I have decided to write tonight because I have had one of those painful parenting experiences that you know about, but never really get until it happens to you. My family is moving. We are moving far away, and we are excited—all except for my seven-year-old, who happens to be having some sort of breakdown.
We have known about this move for some time now, and being the mother of two very sensitive daughters, I have talked a lot with them about the move, our feelings on the move, other people’s feelings on the move, our house’s feelings about our move, the dog’s feelings about our move (she’s okay with it), you get my point. My four-year-old will be fine as long as a few key items are readily available the entire time: blanky, horribly ugly dinosaur, me, and fruit snacks aplenty.
We have done this cross-country move before. However, my now-seven-year-old was three, and my four-year-old was three months old. I thought that was a hard move, but I had no idea. Even though I have consistently discussed the move with my seven-year-old for at least six months, and even though she has been excited about the move for six months, now that we are a week away, she is having second thoughts and has decided that this is not such a good idea after all.
My husband has been living in our new city for three months already, and the girls miss him so much. I thought that the thought of being with him again would be enough to encourage them to happily pack their things and head off. My four-year-old just wants to “live where daddy is,” so that is good. But I have failed to realize something crucial—my older daughter is growing up. Please beware, other loving mothers; it can happen to you at any time. You will not see it coming, because that is apparently the way this horrible growing up thing likes to do business. It will hit you right in the face—hard. Because that is how this thing is. Horrible.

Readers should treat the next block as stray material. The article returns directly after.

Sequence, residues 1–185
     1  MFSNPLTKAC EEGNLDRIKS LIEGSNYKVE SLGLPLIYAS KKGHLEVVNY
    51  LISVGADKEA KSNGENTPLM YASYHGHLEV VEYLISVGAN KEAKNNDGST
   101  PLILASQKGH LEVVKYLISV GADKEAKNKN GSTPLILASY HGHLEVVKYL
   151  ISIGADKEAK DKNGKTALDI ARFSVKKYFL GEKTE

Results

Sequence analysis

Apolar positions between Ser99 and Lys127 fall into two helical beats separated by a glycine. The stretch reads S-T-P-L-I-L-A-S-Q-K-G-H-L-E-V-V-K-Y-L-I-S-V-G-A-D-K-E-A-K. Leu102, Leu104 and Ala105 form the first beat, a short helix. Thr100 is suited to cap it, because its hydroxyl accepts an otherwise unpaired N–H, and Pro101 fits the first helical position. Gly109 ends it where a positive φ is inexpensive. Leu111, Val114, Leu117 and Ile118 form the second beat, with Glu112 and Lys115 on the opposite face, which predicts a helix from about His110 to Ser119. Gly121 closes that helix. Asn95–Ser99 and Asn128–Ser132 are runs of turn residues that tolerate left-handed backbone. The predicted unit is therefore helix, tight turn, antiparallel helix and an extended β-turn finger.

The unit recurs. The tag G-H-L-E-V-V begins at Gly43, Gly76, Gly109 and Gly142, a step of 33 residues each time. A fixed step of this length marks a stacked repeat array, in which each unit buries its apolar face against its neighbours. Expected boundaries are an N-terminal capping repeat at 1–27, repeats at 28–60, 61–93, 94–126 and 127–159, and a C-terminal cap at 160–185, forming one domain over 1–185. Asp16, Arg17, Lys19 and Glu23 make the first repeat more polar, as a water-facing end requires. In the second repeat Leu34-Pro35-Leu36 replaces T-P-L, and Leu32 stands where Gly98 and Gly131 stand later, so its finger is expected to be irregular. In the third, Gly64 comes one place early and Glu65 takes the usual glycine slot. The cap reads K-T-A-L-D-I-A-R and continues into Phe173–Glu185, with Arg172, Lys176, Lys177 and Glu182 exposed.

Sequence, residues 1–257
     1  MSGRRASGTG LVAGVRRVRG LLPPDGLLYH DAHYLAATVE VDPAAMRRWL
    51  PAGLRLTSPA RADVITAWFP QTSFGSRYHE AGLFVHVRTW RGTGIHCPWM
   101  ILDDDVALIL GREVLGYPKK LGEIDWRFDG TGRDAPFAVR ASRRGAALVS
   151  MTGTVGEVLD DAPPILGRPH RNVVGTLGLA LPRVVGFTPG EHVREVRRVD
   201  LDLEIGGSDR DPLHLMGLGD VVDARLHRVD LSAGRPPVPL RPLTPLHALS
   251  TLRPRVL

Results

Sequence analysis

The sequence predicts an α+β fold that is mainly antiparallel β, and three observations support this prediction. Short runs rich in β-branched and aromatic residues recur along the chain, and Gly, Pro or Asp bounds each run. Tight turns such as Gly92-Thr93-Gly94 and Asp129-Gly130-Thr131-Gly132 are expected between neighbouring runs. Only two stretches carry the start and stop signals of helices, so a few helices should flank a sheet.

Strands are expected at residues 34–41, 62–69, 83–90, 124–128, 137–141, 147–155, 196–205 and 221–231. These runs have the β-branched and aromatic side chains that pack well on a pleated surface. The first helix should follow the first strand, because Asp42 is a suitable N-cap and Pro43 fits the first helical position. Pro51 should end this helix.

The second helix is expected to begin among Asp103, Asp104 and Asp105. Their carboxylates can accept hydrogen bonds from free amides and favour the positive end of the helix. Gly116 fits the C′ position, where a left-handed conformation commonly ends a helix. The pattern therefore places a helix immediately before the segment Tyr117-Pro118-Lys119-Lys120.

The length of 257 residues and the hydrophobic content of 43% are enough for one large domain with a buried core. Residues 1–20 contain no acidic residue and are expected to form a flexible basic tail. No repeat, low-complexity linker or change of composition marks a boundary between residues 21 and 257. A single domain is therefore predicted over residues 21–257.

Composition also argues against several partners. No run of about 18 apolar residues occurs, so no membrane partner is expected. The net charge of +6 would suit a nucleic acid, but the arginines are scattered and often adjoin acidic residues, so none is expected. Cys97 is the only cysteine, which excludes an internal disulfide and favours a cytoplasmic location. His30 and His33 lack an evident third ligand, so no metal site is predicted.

Tonight my daughter had a going away party with a few of her best friends. We have planned this move over the summer so she won’t have to leave school mid-year. But I have debated whether it would be easier to just move away quietly, or let her see her friends one last time. I made a photo album for her with all her favorite friends and their phone numbers, addresses, e-mails, etc. But my husband and I decided that maybe it was best to let her say goodbye with one last play date. Everything went well until they left, and suddenly my daughter wasn’t feeling well. She couldn’t tell me where it hurt, but it definitely hurt.
I sat her down and told her to tell me about her feelings, and to cry if she needed to cry. Well, she cried. She begged me not to make her move. She said she wanted to be with her daddy and she wanted to be with her friends, and why did she have to choose one or the other? We have had this discussion before, but tonight it really hit home. She said, could she please, please, please have one more day at her old school with her friends … PLEASE!
I had to say no, and that her new school was already expecting her, and that she would make so many new friends, and be so happy, and I promised that she would like it. I watched my child’s face crumple, and saw, literally saw, her heart break. I am not sure if I can clearly explain the feeling I had when I knew that a decision that I made had broken my child’s heart, but I can tell you that it hurt … a lot.
I made her call my husband immediately, because I was out of pep talks, and she ended up having him in tears. Usually, she fakes happiness for her dad and never lets him know how she really feels, and I end up having to deal with her anger and sadness. But tonight, as I watched her try not to cry on the phone, and fail, I felt a pain that I have not felt before. There is a specific pain that a parent gets when they know that they have made a decision that is for the best, but hurts their child in the process. We love our girls so much that we decided to face the difficult challenge of moving so that we could give them a better life. And even though we know that this is the right decision, we know that we have broken our daughter’s heart. She is such a good girl, and has given us so much pride and joy, and we want to make her happy.
I am a rational person, and I know that we have made the right decision, but I never knew how much pain would be involved. Can anyone tell me how you deal with the pain of breaking your child’s heart—your child who has never done anything wrong and does not deserve to be hurt? How do you explain to a seven-year-old that leaving all her friends is a good idea? I know all the reasonable explanations—but is there some secret I don’t know? Or is this just how painful parenting can be?